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Friday, July 17, 2015

Critique and Write



Critique and write are required for poems, articles to biographies. It's a two-step process for writers before displaying the finished work. The order depends on the writer. Often, writers poo-poo the thought of any encounter with a critique. Why? The process drains energy, if you allow it to.

1. Put the work aside.
2. You get an emotional rest as you leave the project alone.
3. Spin the critiquing portion into a game.

How long of a break is needed from a writing project? The more involved a writing project is, more time away is suggested. You'll come-back refreshed and with new ideas. So, less time is needed between you and the critiquing process when it comes to short writing projects. There're other factors like the number of projects being worked on, deadlines and the writer's life.

1. Calendar in what has to be critiqued.
2. Shuffle-out stress.
3. Focus on a funny or happy memory.

The determination has been made about which writing project to critique. Some may feel that the most difficult part is over. Still others run close to panic. Think positive. At least, a goal has been met. This is a moment to calm down.

1. Take a deep breath.
2. Relax.
3. Bring along an apple for a reward, for example.

You're ready to critique and write. At this second, you're the editor. You, too, can treat the writing project as a friend's work. The point is to be objective. Use a composition book or some means of note-taking. Jot down notes on how to make improvements after reading it out-loud.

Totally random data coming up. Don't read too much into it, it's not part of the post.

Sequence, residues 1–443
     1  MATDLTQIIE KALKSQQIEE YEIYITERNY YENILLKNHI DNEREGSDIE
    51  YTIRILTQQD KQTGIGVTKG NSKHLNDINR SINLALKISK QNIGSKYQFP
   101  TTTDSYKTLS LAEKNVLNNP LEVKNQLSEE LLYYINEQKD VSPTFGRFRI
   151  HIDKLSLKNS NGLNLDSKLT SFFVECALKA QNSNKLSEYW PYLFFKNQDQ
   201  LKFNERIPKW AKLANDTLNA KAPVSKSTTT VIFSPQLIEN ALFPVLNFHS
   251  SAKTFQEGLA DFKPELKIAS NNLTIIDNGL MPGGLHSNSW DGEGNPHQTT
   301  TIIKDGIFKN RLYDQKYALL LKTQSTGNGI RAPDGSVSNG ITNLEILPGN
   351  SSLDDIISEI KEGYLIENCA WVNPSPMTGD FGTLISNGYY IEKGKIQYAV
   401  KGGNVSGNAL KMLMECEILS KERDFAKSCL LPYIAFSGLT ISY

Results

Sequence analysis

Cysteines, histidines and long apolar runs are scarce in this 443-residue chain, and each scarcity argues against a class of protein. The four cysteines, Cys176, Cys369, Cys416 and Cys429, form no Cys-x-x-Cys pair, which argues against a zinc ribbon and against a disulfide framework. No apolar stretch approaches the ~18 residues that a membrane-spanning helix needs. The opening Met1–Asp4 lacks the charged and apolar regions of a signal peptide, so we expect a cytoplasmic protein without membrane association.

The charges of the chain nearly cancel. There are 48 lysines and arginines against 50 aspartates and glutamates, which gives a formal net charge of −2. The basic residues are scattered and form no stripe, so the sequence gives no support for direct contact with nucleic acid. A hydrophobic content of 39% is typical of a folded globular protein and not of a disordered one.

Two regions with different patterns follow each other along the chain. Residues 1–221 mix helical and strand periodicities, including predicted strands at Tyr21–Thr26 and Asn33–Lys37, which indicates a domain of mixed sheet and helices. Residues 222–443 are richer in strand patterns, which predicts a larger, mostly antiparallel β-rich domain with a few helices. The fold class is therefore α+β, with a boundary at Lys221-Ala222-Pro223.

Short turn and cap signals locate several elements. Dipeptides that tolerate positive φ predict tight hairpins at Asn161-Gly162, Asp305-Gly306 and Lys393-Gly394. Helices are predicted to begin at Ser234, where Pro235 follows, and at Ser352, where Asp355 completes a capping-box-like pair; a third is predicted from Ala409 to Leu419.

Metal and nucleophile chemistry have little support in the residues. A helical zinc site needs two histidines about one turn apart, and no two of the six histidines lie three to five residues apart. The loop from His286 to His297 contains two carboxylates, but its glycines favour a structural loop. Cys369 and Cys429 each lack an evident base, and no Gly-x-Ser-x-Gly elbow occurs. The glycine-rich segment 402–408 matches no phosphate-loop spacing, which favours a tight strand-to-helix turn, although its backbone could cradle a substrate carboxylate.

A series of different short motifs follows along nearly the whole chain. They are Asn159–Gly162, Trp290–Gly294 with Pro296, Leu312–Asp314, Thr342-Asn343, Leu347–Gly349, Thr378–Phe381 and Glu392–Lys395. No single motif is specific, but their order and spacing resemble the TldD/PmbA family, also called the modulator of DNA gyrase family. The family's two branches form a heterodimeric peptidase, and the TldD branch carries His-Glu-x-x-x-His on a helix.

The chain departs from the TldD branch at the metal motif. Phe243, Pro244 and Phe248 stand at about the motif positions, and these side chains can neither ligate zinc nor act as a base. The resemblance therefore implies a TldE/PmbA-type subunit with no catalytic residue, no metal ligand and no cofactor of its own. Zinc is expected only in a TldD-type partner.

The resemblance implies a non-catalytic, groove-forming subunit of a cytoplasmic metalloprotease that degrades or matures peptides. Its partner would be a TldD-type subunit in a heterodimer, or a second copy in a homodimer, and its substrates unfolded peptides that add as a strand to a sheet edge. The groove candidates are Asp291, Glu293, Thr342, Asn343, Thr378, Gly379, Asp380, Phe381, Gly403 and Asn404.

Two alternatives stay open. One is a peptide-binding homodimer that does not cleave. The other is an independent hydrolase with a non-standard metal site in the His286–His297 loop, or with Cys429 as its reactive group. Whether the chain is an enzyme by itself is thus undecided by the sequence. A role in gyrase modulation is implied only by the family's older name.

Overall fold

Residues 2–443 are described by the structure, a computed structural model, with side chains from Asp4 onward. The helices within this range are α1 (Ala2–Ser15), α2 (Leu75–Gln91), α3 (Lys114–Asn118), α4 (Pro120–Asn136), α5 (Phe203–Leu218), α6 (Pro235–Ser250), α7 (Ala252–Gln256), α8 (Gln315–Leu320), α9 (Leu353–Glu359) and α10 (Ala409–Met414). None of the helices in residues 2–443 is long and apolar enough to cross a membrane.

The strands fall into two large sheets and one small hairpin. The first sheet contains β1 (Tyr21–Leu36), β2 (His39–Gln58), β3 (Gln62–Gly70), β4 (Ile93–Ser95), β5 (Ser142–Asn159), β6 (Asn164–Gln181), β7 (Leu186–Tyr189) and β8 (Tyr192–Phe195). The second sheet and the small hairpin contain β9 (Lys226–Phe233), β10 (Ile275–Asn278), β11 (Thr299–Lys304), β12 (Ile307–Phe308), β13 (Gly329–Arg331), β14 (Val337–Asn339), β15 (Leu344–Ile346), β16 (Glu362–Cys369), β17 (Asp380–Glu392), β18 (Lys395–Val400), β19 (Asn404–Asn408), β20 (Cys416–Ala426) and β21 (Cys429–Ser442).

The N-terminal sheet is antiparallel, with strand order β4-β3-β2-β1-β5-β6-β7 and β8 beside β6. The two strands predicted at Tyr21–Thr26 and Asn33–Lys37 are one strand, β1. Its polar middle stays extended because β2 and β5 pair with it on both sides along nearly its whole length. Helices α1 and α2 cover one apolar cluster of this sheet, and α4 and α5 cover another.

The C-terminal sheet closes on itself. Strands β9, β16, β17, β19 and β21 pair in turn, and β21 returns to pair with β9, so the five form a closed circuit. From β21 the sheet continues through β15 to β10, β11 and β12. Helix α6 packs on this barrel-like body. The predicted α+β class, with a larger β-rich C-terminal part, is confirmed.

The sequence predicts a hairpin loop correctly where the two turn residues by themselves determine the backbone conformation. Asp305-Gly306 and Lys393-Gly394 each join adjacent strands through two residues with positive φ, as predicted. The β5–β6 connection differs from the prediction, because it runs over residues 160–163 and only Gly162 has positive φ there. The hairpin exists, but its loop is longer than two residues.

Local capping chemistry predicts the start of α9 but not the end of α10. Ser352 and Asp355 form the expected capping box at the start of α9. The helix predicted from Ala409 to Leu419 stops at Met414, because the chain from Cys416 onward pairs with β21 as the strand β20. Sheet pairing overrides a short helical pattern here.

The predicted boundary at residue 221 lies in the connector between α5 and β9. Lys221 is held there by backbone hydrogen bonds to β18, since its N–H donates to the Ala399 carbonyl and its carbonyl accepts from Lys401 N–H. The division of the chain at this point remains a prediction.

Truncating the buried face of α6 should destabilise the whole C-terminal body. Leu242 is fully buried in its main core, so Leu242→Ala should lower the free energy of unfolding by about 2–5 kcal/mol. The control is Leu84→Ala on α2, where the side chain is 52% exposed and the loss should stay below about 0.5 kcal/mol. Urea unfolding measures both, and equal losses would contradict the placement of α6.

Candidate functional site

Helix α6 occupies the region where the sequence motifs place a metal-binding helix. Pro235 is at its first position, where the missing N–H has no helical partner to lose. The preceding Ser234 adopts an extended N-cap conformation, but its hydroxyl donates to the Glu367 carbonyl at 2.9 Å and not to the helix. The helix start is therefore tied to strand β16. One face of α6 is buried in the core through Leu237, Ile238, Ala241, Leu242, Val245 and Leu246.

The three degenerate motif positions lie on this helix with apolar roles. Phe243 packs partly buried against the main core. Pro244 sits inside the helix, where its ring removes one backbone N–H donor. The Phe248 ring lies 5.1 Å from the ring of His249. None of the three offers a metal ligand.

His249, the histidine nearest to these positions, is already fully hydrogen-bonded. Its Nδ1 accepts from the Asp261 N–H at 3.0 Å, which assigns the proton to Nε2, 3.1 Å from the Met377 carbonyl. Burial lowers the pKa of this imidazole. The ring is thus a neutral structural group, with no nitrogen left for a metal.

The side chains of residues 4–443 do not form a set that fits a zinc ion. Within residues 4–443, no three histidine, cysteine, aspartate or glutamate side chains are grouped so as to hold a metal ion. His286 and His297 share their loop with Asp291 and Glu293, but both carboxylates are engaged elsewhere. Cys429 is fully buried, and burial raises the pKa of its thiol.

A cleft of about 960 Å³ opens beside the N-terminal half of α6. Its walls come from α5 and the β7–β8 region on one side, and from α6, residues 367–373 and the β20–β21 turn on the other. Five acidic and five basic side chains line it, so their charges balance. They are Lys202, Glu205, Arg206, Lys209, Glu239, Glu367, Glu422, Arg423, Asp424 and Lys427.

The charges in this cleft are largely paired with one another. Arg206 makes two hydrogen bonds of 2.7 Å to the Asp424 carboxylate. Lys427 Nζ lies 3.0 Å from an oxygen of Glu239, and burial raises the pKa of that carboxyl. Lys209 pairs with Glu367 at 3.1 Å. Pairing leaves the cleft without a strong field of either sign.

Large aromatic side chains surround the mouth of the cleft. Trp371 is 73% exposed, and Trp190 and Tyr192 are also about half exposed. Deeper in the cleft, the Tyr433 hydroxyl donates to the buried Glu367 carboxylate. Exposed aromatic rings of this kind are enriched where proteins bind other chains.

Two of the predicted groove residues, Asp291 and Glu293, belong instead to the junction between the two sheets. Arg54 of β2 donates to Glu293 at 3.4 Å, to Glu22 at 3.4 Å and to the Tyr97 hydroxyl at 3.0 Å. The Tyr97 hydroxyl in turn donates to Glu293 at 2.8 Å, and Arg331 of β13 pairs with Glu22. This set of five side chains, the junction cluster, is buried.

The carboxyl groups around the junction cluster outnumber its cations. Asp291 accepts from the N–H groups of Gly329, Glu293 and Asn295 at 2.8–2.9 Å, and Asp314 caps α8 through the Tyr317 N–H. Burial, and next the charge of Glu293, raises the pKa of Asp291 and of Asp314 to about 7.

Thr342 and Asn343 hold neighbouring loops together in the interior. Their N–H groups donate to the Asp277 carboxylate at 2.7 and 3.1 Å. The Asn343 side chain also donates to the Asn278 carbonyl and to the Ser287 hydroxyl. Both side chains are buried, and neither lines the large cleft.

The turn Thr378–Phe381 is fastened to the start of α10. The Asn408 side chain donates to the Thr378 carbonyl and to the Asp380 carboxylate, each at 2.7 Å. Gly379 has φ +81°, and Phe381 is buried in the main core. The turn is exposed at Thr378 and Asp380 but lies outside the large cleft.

1. Check the grammar.
2. How is your sentence structure?
3. Syntax?

The critiquing game begins. Drag stress to the waste-basket. Giggle at your mistakes. Did you really make that error? Did you use "bear" instead of "bare?" Remember, shorter paragraphs are more effective. 

1. Make notes on to use verbs, for example.
2. Note-taking exposes what you need to work on.
3. Writing is a continuous learning process.

A goal is to have clear, strong and interesting writing. Writers want readers to have learned, laughed and/or displayed some emotion. You don't want a reader to find "their" in your writing where "there" was meant.

1. Comb through your work relaxed. 
2. Provide yourself enough time to critique.
3. Find humor in your mistakes, but learn from them.


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Marcella Glenn is a freelance writer who has written news reports, worked in an office, reviewed movies, published a newsletter and had her novel, "Grave Street House," published. She, too, is a Writing Consultant as well as a Personal Coach.


She has tried to go down some of life's other paths. A few paths were a mail-order business, the publishing of a pen-pal newsletter and selling plastic-ware. Only, she was back writing before realizing what she was doing.


She'd critique titles, paragraphs, news reports, that no one submitted to her. She'd stop herself, eventually. Marcella Glenn seemed to be enjoying the act of writing. This is how she knew writing was more than a hobby.


Let it be a lesson in your life too. Is writing calling your name? Or, acting? Teaching? Are you interested in engineering? Have the courage to go for your dreams. Simply, believe in yourself.


Meet Marcella Glenn on Twitter: http://twitter.com/marcellaglenn.



Grave Street House Interview
Authors Show Radio Announces Interview Lineup For Week Of February 16, 2009
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Internet Radio features five new authors each week
February 16, 2009
Every week, The Authors Show, radio version features interviews with up and coming authors from around the world. This week The Authors Show radio features Marcella Glenn, author of  'Grave Street House'.

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